4. Is his age a problem? This is an interesting question and it makes me wonder if Gurriel is the right player at the wrong time for the Yankees. He’s 32 — he just turned 32 last week — which means he fits best for a team ready to win right now. You don’t sign Gurriel if you’re a rebuilding team looking ahead to the future. You sign him because you’re a contender looking for the final piece to put you over the top this year and next year and the year after.

The Yankees say they’re trying to win and that’s all well and good, but the team on the field suggests it might not be in the cards this year. They’re not a game under .500 in mid-June by accident, you know? Does it make sense to add Gurriel when winning this season is a long shot? He’s already at the age where his game might begin to slip as it is. So you’re talking about adding a player nearing the end of his prime to a team that might not be a true contender until he’s 33 or 34. That is sort of tricky.

At the same time, you could argue the Yankees shouldn’t need two or three years to turn things around because of their resources. They have a bunch of prospects at Double-A and Triple-A and all that money is coming off the books. The 2003 Tigers were the worst team I’ve ever seen and the 2006 Tigers won the pennant, so it’s certainly possible for the Yankees to turn things around in a hurry, while Gurriel is still producing big time.

There’s also the contract length angle. He’s 32 now, so a six-year deal takes him to age 38, and signing a guy deep into his 30s is always risky. Sometimes it works out, like the Beltran deal. Most of the time it doesn’t though. It’s impossible to project how Gurriel will age, so in addition to the question of whether the Yankees will be ready to win during whatever is left of his prime years, there’s also the risk of signing him beyond the age of 35.

5. Don’t forget, Lourdes Jr. is the real prize. Yulieski is unquestionably the better player right now and that figures to be the case for the next few years, but Lourdes is the Gurriel brother teams are going to fall all over themselves to sign. He’s another potential middle of the diamond impact hitter, except he’ll be only 23 when he signs, so you’re getting him for his entire prime. That’s pretty huge.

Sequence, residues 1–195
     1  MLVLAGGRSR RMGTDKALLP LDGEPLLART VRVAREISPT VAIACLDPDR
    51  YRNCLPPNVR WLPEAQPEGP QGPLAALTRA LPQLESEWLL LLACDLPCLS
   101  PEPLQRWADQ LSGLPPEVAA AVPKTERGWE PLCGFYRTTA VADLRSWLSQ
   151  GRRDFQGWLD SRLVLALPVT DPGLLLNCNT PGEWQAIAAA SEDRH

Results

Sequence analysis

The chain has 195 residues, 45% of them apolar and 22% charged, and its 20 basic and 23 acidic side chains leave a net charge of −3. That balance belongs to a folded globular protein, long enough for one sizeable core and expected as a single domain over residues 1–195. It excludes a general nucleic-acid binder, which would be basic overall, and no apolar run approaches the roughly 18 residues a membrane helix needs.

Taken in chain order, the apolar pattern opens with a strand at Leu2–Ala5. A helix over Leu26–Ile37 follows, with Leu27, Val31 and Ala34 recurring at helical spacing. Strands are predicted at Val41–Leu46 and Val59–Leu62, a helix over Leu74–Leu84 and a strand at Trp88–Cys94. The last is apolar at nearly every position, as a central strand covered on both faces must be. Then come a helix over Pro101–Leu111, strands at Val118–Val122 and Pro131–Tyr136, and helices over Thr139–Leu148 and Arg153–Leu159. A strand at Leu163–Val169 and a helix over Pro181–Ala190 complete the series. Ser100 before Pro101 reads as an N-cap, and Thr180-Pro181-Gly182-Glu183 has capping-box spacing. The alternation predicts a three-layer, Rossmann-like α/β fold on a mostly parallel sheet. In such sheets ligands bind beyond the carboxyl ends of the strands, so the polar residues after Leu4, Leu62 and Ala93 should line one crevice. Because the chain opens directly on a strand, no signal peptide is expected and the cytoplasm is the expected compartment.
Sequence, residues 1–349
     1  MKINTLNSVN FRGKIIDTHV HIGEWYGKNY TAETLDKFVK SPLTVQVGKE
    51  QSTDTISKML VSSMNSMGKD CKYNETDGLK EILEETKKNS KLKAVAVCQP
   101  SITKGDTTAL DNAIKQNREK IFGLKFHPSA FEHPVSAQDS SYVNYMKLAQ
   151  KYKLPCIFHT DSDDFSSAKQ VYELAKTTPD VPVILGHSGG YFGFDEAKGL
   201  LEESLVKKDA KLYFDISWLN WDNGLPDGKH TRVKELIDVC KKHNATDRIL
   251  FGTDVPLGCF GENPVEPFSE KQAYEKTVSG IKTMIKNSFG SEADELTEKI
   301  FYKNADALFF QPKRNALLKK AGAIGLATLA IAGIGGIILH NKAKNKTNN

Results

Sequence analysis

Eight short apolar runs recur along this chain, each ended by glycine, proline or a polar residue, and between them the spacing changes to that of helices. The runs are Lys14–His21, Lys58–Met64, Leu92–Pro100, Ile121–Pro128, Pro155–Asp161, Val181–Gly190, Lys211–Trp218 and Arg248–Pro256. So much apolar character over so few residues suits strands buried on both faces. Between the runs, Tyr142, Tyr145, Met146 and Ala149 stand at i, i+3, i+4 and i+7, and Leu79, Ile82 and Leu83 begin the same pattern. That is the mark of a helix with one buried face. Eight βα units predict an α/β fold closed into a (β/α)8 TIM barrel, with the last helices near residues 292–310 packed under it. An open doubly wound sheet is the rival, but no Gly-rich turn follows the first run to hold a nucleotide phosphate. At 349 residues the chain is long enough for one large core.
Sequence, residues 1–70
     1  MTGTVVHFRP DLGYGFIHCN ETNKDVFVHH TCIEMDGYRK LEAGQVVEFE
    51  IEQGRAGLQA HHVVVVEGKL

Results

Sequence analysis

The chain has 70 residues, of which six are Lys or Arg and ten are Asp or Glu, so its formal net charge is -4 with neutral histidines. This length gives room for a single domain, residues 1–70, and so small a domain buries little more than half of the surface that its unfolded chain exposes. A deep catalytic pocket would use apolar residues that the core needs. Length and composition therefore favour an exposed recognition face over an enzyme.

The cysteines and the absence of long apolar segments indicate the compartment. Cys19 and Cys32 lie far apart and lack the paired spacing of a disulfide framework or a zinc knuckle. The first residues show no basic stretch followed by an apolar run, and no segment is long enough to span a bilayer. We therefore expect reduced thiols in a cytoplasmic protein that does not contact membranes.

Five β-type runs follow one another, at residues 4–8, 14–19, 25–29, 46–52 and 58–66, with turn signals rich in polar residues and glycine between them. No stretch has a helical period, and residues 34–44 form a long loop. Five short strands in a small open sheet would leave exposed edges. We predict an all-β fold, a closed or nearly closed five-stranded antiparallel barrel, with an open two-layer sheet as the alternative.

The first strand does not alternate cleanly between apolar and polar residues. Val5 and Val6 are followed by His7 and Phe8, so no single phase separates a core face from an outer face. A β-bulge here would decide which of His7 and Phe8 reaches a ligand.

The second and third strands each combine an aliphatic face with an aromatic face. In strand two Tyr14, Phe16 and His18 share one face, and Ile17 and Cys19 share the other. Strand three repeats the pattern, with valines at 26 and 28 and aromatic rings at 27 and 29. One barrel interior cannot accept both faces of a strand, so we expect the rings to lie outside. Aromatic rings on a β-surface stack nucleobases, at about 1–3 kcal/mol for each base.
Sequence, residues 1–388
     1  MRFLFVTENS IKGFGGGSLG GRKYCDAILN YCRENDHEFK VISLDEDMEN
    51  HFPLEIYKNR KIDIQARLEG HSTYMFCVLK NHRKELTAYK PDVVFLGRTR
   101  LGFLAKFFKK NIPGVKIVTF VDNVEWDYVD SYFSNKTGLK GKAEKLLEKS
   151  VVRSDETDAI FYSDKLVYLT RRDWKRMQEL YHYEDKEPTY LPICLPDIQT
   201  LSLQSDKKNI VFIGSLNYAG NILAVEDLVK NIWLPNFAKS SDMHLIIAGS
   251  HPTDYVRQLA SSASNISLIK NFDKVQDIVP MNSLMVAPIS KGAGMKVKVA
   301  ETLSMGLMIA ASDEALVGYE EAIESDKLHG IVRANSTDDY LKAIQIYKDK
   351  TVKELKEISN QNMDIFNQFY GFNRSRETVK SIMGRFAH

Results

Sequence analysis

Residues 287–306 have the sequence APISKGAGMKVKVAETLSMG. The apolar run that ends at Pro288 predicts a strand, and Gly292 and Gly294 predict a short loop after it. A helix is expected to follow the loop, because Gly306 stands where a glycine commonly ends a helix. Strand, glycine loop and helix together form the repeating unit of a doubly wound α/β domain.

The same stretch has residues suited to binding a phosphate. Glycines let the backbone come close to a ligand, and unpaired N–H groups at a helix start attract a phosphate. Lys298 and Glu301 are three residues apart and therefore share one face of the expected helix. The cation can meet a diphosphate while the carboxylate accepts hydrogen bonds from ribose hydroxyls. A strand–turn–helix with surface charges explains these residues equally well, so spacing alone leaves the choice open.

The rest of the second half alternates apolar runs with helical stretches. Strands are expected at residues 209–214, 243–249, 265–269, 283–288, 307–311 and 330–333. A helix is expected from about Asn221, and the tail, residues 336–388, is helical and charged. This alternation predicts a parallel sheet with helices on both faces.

I’ve seen folks talk about the possibility of a package deal, though who knows if that’s possible. Both Gurriels may take the highest offer no matter what. Assuming Lourdes is declared a free agent soon, he could work out a deal and simply hold off on signing until October. That would allow teams to negotiate with Yulieski and Lourdes at the same time, which is certainly better than trying to work out a package deal when you have to negotiate weeks or months apart.

* * *

I’m of the belief that impact bats are very hard to find, especially those capable of playing the middle infield. Because of that, I think the Yankees should be in on Gurriel even though he is 32 and even though he might cost them $12M+ a year. The future of the offense is very much a question and this is a chance to add a cornerstone type hitter for nothing but money. No draft pick. Nothing. There’s never a “wrong” time to add good players.

Of course, it’s easy to say that when it’s not my money. I wouldn’t be assuming the risk. I definitely understand why someone would be hesitant to sign Gurriel deep into his 30s, especially with no MLB track record. Pretty much everyone agrees this guy can be an offensive force though, including the Yankees’ international scouting director. If Gurriel is as good as advertised, or is even 75% of what is advertised, he could end up a real bargain.